Controlling codling moth in apple and pear

Controlling codling moth in apple and pear

Why control codling moth?
Codling moth (Cydia pomonella) is one of the most important insect pests of commercial apple and pear growing in the UK. The caterpillar larvae burrow into the fruit giving the pest one of its common names apple maggot. Direct damage to the apple or pear fruit from either a tunnel within the fruit or a sting on its skin makes table fruit unmarketable. Codling moth larvae feeding on the fruit core results in early fruit drop affecting the yield of crop destined for processing. In addition secondary disease infection of wounds can risk tainting products from processed apples.

How to control codling moth?
There are a number of products available for the management of codling moth (C. pomonella) in the UK. The suitability of each of these will depend on the cropping system being used, pest pressure and other components within a sites Integrated Pest Management (IPM) programme. One of the biggest challenges with controlling codling moth is application timing. There is only a limited window when the pest is outside of the fruit where it is most susceptible. Ovicides targeting eggs have only the 7-10 day window it takes the eggs to hatch. Larvicides then have a limited period to make contact with the codling moth larvae as they move from the egg to the point at which they enter the fruit (Vagabundierphase). Timing therefore, of any insecticide used against codling moth, is very important to allow a product to provide optimal performance.

How to improve timing of insecticide applications?
In order to maximise the performance and cost efficiency of insecticide applications it is important to ensure optimal application timing. Correct timing of pesticide application can be determined by a combination of computer environmental modelling, monitoring traps, site history and crop walking. Information from all of these pest forecasting tools are sued by apple and pear growers to determine when an action threshold is reached; the point at which the risk from the pest has reached a point where intervention is required to prevent the pest insect exceeding an economic damage threshold. Pheromone monitoring traps should be used from petal fall until harvest and checked weekly. The action threshold of trapped adult moths will vary depending on location, cropping system and time of year.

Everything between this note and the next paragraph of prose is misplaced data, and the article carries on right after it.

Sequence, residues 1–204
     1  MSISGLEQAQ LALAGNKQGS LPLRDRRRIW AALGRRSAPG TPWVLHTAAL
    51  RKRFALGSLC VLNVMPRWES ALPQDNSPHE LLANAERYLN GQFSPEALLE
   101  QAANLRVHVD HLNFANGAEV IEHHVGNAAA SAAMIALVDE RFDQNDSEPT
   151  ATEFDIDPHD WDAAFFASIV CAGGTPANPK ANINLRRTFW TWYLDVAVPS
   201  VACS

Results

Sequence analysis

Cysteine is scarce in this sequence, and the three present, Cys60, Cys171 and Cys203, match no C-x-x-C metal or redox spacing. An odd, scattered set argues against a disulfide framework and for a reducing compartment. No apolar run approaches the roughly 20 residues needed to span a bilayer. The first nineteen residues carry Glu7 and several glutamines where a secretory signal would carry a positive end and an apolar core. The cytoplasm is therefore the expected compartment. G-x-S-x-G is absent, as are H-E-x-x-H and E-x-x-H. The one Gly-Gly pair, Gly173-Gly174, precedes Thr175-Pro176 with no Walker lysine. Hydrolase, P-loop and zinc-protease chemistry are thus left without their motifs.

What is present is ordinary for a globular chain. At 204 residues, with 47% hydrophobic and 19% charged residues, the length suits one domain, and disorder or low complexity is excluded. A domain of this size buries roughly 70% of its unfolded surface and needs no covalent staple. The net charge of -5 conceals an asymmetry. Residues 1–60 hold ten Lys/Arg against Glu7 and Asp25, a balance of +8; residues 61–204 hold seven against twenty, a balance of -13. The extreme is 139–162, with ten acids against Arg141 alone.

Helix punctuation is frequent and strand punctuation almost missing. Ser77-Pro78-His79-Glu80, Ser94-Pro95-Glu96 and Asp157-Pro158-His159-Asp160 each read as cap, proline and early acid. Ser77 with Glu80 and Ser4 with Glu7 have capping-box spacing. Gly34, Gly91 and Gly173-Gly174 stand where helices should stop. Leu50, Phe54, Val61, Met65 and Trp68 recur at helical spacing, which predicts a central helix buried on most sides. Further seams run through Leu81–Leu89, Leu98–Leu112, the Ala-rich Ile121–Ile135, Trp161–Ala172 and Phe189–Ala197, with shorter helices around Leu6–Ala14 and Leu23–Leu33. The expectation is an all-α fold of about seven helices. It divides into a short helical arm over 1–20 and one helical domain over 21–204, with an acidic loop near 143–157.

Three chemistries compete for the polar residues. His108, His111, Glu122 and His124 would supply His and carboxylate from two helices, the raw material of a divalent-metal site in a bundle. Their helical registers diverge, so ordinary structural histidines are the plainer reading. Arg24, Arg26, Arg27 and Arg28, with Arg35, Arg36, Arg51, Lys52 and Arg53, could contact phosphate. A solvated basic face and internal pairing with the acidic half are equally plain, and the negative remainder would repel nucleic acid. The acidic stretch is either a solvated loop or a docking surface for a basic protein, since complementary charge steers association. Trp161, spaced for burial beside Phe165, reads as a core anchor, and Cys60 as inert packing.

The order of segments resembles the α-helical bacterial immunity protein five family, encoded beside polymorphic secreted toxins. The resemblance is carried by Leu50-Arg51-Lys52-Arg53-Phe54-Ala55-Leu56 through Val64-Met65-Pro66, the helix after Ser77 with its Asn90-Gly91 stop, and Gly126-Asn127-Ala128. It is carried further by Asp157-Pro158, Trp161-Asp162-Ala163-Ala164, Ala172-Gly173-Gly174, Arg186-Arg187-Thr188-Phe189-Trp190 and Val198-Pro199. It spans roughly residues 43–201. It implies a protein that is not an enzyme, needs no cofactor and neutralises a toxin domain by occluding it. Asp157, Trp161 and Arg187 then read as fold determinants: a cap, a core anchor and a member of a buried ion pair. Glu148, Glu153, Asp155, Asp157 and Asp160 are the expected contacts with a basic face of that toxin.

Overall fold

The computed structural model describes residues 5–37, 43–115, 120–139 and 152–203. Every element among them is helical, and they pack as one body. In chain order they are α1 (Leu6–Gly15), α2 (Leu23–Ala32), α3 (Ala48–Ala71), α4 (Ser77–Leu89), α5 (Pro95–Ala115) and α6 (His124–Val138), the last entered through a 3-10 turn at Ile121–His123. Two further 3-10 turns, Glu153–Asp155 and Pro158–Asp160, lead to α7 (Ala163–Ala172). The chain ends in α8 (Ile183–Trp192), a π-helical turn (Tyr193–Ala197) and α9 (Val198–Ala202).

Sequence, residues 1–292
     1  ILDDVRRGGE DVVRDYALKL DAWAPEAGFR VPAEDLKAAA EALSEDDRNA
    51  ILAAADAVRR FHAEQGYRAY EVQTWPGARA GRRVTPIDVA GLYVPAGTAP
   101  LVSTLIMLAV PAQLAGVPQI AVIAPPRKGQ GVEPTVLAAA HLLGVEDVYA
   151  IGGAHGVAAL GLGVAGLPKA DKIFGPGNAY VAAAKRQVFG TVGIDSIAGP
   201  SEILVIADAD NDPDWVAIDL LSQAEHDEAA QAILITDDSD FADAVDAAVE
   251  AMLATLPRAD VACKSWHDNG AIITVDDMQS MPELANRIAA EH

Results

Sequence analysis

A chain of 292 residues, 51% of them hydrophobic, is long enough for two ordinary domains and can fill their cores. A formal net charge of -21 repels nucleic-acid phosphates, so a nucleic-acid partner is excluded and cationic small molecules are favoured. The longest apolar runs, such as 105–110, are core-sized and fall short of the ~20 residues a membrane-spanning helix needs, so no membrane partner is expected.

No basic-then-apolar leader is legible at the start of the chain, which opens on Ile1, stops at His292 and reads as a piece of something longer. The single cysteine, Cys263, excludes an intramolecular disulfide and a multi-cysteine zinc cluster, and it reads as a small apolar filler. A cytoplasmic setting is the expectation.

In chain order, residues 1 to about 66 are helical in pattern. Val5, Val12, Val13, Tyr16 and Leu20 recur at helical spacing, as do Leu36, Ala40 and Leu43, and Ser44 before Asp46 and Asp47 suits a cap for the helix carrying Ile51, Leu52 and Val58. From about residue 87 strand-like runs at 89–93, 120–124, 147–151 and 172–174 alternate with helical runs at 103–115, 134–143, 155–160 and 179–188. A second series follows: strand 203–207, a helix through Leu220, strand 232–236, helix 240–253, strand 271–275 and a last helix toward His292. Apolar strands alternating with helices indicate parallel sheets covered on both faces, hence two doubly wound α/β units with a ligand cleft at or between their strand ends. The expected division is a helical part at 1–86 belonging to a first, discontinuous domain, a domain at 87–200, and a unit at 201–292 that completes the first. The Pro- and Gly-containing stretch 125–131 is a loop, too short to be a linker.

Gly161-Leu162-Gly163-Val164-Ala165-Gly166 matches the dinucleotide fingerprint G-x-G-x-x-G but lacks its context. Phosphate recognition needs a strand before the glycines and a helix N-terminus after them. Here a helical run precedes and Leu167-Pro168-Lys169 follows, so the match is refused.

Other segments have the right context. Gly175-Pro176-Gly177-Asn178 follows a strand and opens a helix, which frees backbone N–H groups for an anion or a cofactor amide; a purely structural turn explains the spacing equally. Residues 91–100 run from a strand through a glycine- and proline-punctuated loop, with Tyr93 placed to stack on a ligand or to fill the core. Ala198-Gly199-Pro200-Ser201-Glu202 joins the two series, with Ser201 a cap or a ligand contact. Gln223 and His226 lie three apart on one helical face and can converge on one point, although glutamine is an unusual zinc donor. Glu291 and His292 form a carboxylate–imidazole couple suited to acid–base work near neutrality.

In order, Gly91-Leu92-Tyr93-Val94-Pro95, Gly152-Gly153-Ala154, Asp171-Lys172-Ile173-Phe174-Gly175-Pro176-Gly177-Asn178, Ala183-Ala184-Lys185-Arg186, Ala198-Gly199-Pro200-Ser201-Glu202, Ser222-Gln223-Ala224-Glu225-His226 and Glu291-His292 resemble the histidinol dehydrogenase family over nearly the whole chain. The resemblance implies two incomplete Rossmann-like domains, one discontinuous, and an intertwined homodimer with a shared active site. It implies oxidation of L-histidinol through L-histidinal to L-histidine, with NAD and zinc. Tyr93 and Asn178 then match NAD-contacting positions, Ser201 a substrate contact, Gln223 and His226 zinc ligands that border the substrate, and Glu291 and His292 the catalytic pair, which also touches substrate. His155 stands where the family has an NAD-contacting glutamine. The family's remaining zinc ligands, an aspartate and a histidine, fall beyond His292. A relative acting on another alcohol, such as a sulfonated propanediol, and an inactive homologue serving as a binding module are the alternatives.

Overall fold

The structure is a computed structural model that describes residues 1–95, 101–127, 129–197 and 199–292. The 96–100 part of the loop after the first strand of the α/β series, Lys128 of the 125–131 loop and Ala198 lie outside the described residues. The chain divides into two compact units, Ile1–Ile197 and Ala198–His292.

Codling moth control strategies
When an action threshold is reached, there are a range of control options available for UK apple and pear growers. These range from older chemical pesticides (spinosad), relatively recently registered synthetic chemistry (chlorantraniliprole) or biological control options such as mating disruption (pheromones) and biological insecticides such as granulovirusMore information on currently approved insecticides can be found on the Health and Safety Executive website here.

Application strategies for Madex Top
With typically 1.5 generations of codling moth (Cydia pomonella) per year in the UK, there are a number of application windows for insecticide treatments. Increasingly, with milder winters and and hotter summers, there are 2 generations per year in especially I southern England. The most important risk periods being targeting the first generation around egg hatch in June and then again eggs hatching from the second generation closer to harvest in August to September. Insect monitoring is key to accurately identify when these periods occur as their timing and severity can be affected environmental conditions starting the in the previous autumn.

Targeting the first generation is key to season long pest management as at the end of the first generation pupae can either emerge as the second generation or overwinter to form the first generation the following year. Whilst Madex Top can be used to control codling moth (Cydia pomonella) by itself, it is common practice to use alongside synthetic chemistry in an integrated pest management approach. Optimal application timing for Madex Top is typically 1-2 weeks before a synthetic chemical insecticide would be applied, with the Madex Top virus timing aiming to target the codling moth population at the start of egg hatch rather than peak egg hatch. This different optimal timing window also allows the chemistry to be saved and used during periods of higher pressure.

Combining Madex Top with a synthetic chemical insecticide and rotating the active ingredient the pest is exposed to is also good agricultural practice to help manage the potential risk of development of resistance which would increase if the pest was consistently only exposed to one mode of action. Baculoviruses, such as GpGV in Madex Top, have a very different mode of action to synthetic chemistry and are an excellent resistance management tool.

Benefits to the environment
The narrow spectrum of activity of Madex Top against only the target pest species (codling moth, C. pomonella) causes minimal effect on pollinators or non-target beneficial organisms so not disrupting any effect the naturally present beneficial predators are having on other potential pests within the apple or pear orchard ecosystem.

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